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Castillo San Felipe de Barajas

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View inside the fort

Sadly I soon ran out of time and headed south, taking a large jump to Salento in Southern Colombia. This is in the coffee growing region and is home ot a unique place called Valle de Cocoro which has amazing wax palms growing up to 60m tall, as well as hummingbird sancyuaries serving hot chocolate and cheese (for dunking). I managed a quick day there, before my time in Colombia drew to a halt.

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Wax palms and Hummingbirds, Salento

Whilst I've spent quite a bit longer than planned here, it still feels far too short, with some amazing places missed off my itinerary. I've had a brilliant time and can see why Colombia is the next big tourist destination, if it's not already! Now I'm off to Ecuador.........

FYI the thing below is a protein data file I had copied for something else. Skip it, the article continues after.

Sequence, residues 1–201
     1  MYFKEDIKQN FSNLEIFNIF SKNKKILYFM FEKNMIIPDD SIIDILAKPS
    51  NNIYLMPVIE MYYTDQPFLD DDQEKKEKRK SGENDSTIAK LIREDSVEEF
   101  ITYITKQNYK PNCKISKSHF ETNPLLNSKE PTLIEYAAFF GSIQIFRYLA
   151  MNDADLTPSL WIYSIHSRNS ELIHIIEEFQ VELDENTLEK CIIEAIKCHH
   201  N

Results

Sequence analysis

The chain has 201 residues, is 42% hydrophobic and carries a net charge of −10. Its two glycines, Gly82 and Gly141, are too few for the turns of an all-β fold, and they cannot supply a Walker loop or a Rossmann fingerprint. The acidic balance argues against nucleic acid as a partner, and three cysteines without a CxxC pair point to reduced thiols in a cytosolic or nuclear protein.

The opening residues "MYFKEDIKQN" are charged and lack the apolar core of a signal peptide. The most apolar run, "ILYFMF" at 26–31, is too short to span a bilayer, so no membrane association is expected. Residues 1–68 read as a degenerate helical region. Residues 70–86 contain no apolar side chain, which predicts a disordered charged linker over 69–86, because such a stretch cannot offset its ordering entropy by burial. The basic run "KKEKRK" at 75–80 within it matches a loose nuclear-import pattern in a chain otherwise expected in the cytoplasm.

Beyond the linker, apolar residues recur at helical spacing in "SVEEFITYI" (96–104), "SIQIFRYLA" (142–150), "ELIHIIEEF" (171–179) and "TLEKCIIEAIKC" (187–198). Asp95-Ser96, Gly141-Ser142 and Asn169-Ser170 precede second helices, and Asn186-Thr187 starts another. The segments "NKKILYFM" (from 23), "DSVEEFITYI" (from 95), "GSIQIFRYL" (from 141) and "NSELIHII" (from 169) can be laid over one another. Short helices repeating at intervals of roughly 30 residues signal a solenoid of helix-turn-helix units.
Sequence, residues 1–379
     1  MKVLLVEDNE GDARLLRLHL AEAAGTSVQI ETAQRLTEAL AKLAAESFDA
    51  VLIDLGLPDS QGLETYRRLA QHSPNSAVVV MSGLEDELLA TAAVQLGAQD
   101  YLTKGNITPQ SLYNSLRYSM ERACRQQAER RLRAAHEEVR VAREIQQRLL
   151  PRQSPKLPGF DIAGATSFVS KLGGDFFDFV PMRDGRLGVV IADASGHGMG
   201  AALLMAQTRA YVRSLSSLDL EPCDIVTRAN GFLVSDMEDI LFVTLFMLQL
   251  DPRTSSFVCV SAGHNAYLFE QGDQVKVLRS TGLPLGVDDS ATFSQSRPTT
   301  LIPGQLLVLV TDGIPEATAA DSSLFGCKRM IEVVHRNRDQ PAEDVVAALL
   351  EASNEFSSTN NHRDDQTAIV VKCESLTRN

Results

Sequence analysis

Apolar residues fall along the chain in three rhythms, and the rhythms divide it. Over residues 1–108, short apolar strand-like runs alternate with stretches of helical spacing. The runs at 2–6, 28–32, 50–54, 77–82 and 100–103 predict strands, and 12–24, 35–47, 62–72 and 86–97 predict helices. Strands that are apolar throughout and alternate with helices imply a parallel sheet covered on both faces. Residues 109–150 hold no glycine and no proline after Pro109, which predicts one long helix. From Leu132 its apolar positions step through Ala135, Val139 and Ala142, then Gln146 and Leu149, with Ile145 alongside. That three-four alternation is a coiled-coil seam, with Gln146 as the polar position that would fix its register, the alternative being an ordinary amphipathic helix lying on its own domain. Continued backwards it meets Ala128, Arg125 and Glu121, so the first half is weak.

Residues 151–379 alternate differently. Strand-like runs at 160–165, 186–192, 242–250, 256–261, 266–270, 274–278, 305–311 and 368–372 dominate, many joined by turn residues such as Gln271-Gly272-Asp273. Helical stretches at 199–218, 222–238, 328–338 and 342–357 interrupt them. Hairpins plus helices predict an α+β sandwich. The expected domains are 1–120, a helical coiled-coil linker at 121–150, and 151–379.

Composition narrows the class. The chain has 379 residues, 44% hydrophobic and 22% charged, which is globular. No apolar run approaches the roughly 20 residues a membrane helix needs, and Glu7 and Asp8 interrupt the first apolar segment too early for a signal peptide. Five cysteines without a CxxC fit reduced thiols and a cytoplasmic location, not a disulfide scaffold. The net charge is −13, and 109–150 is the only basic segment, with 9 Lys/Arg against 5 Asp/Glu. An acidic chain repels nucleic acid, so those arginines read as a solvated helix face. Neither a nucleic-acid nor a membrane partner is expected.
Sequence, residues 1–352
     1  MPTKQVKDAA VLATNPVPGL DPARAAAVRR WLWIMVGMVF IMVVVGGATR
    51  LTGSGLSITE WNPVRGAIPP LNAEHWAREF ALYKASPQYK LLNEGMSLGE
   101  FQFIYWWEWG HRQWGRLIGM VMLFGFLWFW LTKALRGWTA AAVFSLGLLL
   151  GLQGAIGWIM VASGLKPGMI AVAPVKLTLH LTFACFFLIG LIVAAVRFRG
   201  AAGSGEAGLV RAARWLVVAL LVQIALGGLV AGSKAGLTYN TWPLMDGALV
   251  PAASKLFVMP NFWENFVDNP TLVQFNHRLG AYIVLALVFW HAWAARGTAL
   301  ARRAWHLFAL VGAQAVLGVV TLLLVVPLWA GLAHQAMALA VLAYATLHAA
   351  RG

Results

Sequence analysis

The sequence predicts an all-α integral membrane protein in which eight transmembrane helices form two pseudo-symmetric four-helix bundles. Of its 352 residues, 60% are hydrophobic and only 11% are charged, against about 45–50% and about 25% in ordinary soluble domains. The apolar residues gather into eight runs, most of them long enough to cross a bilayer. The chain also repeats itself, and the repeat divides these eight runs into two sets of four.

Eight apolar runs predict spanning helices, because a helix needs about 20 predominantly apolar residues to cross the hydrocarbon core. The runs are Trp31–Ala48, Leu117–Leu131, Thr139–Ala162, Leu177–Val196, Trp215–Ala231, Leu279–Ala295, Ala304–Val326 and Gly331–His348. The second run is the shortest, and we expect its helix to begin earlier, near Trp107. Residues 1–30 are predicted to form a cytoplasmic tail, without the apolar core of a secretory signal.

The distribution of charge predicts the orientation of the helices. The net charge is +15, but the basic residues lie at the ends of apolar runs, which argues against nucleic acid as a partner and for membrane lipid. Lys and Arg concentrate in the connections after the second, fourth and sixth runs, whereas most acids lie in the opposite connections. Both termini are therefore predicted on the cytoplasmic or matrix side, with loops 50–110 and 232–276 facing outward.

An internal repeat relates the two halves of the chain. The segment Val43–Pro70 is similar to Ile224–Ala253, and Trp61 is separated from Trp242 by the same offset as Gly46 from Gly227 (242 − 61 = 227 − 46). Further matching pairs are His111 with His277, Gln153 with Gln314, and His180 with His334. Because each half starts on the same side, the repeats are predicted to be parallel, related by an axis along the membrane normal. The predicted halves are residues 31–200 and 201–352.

Posted by Davelanky 15:04 Archived in Colombia Comments (0)

Colombia part 1

all seasons in one day 18 °C
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Well, I've been in Colombia two weeks already and it's completely flown by. I landed in Bogota to find a far more comfortable temperature than the 32 degrees plus in Manaus, which came as quite a relief. From the first minute I stepped out of the hostel the next morning, the city has had a lovely feel to it; the sun was shining, the streets were busy with students chatting and people ambling around - it all felt really friendly and relaxed. I stayed in an area called the candelaria in the centre, which has most of the oldest and prettiest buildings and proved to be a really nice area to wander around. My first day was spent having a nice relaxed explore round the candelaria and main square, with a visit to the gold museum as well. This tuned out to be one of the best museums I've seen in a long time - really well organised, lots of fascinating information impeccably translated into english and some stunning exhibits.

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The Main Square

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Painted house in the Candelaria

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Gold Museum Exhibits